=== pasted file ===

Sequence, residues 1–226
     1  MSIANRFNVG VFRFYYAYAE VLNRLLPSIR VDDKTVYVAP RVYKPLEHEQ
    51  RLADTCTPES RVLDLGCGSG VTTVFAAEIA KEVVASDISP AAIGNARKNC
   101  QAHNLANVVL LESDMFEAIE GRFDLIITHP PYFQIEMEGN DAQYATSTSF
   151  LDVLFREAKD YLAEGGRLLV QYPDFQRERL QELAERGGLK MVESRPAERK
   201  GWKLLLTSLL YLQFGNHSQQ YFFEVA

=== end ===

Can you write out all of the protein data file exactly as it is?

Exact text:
Sequence, residues 1–226
     1  MSIANRFNVG VFRFYYAYAE VLNRLLPSIR VDDKTVYVAP RVYKPLEHEQ
    51  RLADTCTPES RVLDLGCGSG VTTVFAAEIA KEVVASDISP AAIGNARKNC
   101  QAHNLANVVL LESDMFEAIE GRFDLIITHP PYFQIEMEGN DAQYATSTSF
   151  LDVLFREAKD YLAEGGRLLV QYPDFQRERL QELAERGGLK MVESRPAERK
   201  GWKLLLTSLL YLQFGNHSQQ YFFEVA